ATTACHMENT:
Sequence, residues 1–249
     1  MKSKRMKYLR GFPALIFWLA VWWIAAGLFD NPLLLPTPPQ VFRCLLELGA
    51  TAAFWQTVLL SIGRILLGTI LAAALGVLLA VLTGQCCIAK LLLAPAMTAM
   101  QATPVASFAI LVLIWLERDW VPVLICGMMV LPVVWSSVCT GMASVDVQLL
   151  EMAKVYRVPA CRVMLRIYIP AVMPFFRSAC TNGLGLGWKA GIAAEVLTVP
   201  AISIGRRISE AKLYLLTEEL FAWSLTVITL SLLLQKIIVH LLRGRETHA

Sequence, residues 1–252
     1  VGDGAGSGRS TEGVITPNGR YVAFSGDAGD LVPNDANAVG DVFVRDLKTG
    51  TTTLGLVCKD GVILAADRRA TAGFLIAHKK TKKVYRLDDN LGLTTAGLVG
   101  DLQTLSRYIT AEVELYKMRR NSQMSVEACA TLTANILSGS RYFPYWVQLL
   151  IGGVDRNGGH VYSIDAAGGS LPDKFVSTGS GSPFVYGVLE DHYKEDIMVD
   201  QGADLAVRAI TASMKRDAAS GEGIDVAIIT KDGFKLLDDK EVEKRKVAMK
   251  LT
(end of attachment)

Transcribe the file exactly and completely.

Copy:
Sequence, residues 1–249
     1  MKSKRMKYLR GFPALIFWLA VWWIAAGLFD NPLLLPTPPQ VFRCLLELGA
    51  TAAFWQTVLL SIGRILLGTI LAAALGVLLA VLTGQCCIAK LLLAPAMTAM
   101  QATPVASFAI LVLIWLERDW VPVLICGMMV LPVVWSSVCT GMASVDVQLL
   151  EMAKVYRVPA CRVMLRIYIP AVMPFFRSAC TNGLGLGWKA GIAAEVLTVP
   201  AISIGRRISE AKLYLLTEEL FAWSLTVITL SLLLQKIIVH LLRGRETHA

Sequence, residues 1–252
     1  VGDGAGSGRS TEGVITPNGR YVAFSGDAGD LVPNDANAVG DVFVRDLKTG
    51  TTTLGLVCKD GVILAADRRA TAGFLIAHKK TKKVYRLDDN LGLTTAGLVG
   101  DLQTLSRYIT AEVELYKMRR NSQMSVEACA TLTANILSGS RYFPYWVQLL
   151  IGGVDRNGGH VYSIDAAGGS LPDKFVSTGS GSPFVYGVLE DHYKEDIMVD
   201  QGADLAVRAI TASMKRDAAS GEGIDVAIIT KDGFKLLDDK EVEKRKVAMK
   251  LT